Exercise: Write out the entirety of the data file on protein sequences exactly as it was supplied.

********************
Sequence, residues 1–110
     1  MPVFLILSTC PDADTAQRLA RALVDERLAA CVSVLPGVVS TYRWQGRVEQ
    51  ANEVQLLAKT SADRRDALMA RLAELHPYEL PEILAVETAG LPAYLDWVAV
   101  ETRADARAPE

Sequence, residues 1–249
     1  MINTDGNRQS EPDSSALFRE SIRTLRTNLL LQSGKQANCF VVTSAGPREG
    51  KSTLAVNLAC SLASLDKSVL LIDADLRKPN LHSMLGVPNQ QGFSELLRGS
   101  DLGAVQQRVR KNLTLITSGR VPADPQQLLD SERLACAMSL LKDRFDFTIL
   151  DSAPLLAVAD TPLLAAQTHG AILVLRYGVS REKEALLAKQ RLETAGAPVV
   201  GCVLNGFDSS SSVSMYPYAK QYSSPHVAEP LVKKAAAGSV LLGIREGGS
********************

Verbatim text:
Sequence, residues 1–110
     1  MPVFLILSTC PDADTAQRLA RALVDERLAA CVSVLPGVVS TYRWQGRVEQ
    51  ANEVQLLAKT SADRRDALMA RLAELHPYEL PEILAVETAG LPAYLDWVAV
   101  ETRADARAPE

Sequence, residues 1–249
     1  MINTDGNRQS EPDSSALFRE SIRTLRTNLL LQSGKQANCF VVTSAGPREG
    51  KSTLAVNLAC SLASLDKSVL LIDADLRKPN LHSMLGVPNQ QGFSELLRGS
   101  DLGAVQQRVR KNLTLITSGR VPADPQQLLD SERLACAMSL LKDRFDFTIL
   151  DSAPLLAVAD TPLLAAQTHG AILVLRYGVS REKEALLAKQ RLETAGAPVV
   201  GCVLNGFDSS SSVSMYPYAK QYSSPHVAEP LVKKAAAGSV LLGIREGGS